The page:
Aug 142018

A round-up of news items found anywhere but the RISCOSitory news submission address!

With time rarely being on my side, I’m always glad when people who release software or other resources for RISC OS, or who do anything else relevant to the platform let me know about it by sending their news to the email address made available for the purpose.

However, there are still plenty who don’t send me their announcements, and that is the purpose of these ‘Snippets’ posts – so what follows is the result of me attempting to catch up on my reading of RISC OS-related newsgroups, mailing lists, and other online fora.

First up, a new weather application was released by Kevin Wells at the end of April. The application, Kweather, requires wget to run, along with an API key from the Open Weather website, but once set up it can tell you the current and forecast weather for a twenty four hour period for over 200,000 locations around the world.

Around a month later, Kevin released another new application in the form of Kquiz – found on the same page as Kweather, under the Games section. Kquiz is a trivia application that can present you with multiple choice questions on various subjects, and at a number of difficulty levels. Like Kweather, the software needs wget to be able to function – this time drawing its data from the Open Trivia Database.

Another update from Kevin, this time in June, was to his TrainTimes application (again available from the same link), which can show you the trains scheduled to arrive at any given station. The new version increases the number of trains the software is able to display – in theory up to thirty trains, spread over three pages, though the TransportAPI website (from which the data is pulled using wget), currently seems to be limited to providing data for up to 25.

Also in June, Kevin updated RandUser. Another application that uses wget to fetch data from a third party site, this time the Random User website, this program produces random user data for testing purposes. The new version, 1.01, offers the ability to display and save a photo of the randomly generated user, and also now supports Norway as a country, with a country field added to the address data.

And in an effort to turn this Snippets post into a Kevin Wells special, he also released a new application in July. Bus Times offers a similar function to Train Times, but for buses for any given UK bus stop. It displays up to the next ten buses for the stop, and the time tables for those buses. As with Kevin’s other applications, the software needs wget to work, and like Train Times it downloads the source data from the Transport API website.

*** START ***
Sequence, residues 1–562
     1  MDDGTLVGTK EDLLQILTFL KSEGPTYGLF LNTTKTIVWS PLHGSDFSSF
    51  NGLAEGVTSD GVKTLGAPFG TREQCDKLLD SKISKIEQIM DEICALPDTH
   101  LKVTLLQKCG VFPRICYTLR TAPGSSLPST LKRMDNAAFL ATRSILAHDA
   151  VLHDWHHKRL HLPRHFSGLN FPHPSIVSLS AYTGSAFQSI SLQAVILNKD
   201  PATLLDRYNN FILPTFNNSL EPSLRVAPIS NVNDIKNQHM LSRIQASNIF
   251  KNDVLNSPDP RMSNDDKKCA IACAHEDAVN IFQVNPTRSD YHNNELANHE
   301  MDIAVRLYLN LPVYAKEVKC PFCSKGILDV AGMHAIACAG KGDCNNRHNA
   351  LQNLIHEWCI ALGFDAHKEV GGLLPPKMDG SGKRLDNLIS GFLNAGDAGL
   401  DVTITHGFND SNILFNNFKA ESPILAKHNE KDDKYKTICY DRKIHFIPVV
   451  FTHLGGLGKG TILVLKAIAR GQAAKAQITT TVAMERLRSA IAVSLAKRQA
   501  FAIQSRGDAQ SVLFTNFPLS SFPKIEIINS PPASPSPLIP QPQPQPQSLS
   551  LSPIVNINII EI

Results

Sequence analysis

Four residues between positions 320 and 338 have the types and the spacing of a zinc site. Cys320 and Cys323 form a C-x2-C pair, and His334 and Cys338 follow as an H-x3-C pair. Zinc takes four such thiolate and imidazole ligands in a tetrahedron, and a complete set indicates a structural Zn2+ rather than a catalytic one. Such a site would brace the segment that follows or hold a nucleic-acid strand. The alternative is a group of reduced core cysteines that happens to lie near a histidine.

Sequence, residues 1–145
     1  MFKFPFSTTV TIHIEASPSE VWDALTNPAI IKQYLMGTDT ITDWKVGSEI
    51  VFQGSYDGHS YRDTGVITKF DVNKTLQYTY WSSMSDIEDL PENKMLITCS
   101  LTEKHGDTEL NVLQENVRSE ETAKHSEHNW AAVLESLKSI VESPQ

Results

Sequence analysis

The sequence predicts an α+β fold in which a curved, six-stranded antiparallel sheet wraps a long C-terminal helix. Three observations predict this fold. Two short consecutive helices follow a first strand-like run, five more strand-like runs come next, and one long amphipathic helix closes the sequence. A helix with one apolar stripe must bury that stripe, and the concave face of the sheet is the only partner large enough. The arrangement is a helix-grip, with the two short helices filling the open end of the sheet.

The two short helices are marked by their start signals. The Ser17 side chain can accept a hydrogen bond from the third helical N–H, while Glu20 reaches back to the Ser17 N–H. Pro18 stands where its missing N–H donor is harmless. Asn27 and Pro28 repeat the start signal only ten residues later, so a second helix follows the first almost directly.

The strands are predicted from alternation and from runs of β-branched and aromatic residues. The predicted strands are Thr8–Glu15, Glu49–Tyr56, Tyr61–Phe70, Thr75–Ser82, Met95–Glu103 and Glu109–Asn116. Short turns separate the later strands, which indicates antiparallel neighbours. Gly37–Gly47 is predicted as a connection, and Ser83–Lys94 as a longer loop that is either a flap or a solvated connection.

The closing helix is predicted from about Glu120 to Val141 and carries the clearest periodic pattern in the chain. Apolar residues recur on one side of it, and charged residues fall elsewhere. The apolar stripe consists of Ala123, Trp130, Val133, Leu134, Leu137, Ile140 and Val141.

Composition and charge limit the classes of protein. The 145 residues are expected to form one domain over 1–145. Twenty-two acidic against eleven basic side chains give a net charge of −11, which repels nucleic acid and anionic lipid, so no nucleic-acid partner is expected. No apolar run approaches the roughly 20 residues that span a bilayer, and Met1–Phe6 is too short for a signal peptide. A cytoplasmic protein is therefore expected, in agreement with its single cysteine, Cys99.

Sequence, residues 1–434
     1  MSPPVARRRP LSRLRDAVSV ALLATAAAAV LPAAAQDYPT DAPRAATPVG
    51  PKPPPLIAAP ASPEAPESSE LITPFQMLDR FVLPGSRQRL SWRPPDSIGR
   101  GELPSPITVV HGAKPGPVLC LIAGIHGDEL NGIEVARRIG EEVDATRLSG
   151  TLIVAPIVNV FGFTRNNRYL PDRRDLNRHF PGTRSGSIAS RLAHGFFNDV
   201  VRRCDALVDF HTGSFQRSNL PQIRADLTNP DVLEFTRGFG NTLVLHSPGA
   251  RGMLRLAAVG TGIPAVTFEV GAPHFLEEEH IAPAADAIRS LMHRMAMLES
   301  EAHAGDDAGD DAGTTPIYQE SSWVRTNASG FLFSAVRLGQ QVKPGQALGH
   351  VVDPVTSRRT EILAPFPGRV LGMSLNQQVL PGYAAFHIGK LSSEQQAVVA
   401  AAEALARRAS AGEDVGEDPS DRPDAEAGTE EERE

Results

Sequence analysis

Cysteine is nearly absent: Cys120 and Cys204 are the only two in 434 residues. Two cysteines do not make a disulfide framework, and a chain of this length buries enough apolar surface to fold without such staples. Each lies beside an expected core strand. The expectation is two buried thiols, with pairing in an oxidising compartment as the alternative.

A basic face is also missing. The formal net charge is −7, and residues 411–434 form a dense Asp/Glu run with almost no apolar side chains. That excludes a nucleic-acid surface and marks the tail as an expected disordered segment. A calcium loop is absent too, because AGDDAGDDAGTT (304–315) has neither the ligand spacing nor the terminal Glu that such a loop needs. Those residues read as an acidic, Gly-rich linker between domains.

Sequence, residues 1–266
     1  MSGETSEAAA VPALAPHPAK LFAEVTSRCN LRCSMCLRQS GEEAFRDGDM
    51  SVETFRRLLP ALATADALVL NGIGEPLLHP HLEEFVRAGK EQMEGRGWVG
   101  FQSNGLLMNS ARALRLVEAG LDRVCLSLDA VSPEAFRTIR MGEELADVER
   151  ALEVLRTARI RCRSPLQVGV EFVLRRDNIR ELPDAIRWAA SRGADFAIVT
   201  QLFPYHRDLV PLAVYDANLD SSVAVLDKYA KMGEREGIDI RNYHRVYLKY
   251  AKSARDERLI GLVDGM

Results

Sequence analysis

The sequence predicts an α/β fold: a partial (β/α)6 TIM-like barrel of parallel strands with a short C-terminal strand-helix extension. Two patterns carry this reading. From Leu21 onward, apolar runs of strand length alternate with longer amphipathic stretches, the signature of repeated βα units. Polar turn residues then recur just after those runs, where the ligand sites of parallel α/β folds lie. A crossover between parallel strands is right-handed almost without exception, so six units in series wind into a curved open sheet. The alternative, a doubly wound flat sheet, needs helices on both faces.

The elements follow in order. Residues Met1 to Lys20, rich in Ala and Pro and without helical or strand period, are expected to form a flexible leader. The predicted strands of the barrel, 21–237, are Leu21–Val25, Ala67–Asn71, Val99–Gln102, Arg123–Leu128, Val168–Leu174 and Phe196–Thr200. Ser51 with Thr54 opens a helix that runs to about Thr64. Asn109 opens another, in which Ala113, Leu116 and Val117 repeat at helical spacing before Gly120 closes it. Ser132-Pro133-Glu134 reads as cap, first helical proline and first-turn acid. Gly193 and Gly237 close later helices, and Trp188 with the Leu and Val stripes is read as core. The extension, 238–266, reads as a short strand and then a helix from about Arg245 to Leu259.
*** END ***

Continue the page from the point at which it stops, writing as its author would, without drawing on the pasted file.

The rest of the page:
Dave Ruck released a new version of his disc checker and repair tool, DiscKnight at the end of May, and another new version a few days ago. Version 1.54 addressed a crash that can be caused by a 4K sectored disc that is suspected to have been incorrectly formatted, and version 1.55 deals with a crash that can occur when repairing broken directories. The software costs a tenner (or £25 for a site licence) but existing users can request a free upgrade.

Steve Fryatt pushed out “an Important Big Fix” – complete with initial capitals – to CashBook at the start of June. The new version, 1.41, brings an important fix to version 1.40, released at this year’s Wakefield Show, leading to corruption in the Next Cheque Numbers stored in the accounts data.

Later in June, Richard Darby made available a new Printer Definition File for users of certain duplex printers. Those that lack PostScript capability, but which do understand Printer Command Language (PCL). The existing HP Laserjet definition file would only only printing on a single side, but Richard’s version – made possible by the release by RISC OS Open Ltd of a new PDumper as part of their nightly builds – makes the duplex feature usable. (And Richard notes that it isn’t limited to Hewlett Packard printers – he has used it with his Brother devices.)